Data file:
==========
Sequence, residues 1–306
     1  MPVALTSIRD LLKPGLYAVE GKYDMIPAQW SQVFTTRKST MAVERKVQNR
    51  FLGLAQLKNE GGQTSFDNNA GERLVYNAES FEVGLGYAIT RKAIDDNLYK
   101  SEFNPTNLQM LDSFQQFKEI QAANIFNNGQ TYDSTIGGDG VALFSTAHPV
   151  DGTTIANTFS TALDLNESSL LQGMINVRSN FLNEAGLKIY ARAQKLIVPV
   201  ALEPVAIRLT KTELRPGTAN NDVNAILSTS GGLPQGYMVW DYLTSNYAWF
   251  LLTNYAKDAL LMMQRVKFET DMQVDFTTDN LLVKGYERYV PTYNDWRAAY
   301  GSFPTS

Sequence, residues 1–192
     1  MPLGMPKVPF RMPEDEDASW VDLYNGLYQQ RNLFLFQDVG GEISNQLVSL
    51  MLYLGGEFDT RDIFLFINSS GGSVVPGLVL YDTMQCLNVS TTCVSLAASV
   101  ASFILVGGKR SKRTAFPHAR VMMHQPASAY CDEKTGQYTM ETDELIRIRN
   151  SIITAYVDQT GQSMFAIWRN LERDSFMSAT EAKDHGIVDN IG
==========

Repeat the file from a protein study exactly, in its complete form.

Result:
Sequence, residues 1–306
     1  MPVALTSIRD LLKPGLYAVE GKYDMIPAQW SQVFTTRKST MAVERKVQNR
    51  FLGLAQLKNE GGQTSFDNNA GERLVYNAES FEVGLGYAIT RKAIDDNLYK
   101  SEFNPTNLQM LDSFQQFKEI QAANIFNNGQ TYDSTIGGDG VALFSTAHPV
   151  DGTTIANTFS TALDLNESSL LQGMINVRSN FLNEAGLKIY ARAQKLIVPV
   201  ALEPVAIRLT KTELRPGTAN NDVNAILSTS GGLPQGYMVW DYLTSNYAWF
   251  LLTNYAKDAL LMMQRVKFET DMQVDFTTDN LLVKGYERYV PTYNDWRAAY
   301  GSFPTS

Sequence, residues 1–192
     1  MPLGMPKVPF RMPEDEDASW VDLYNGLYQQ RNLFLFQDVG GEISNQLVSL
    51  MLYLGGEFDT RDIFLFINSS GGSVVPGLVL YDTMQCLNVS TTCVSLAASV
   101  ASFILVGGKR SKRTAFPHAR VMMHQPASAY CDEKTGQYTM ETDELIRIRN
   151  SIITAYVDQT GQSMFAIWRN LERDSFMSAT EAKDHGIVDN IG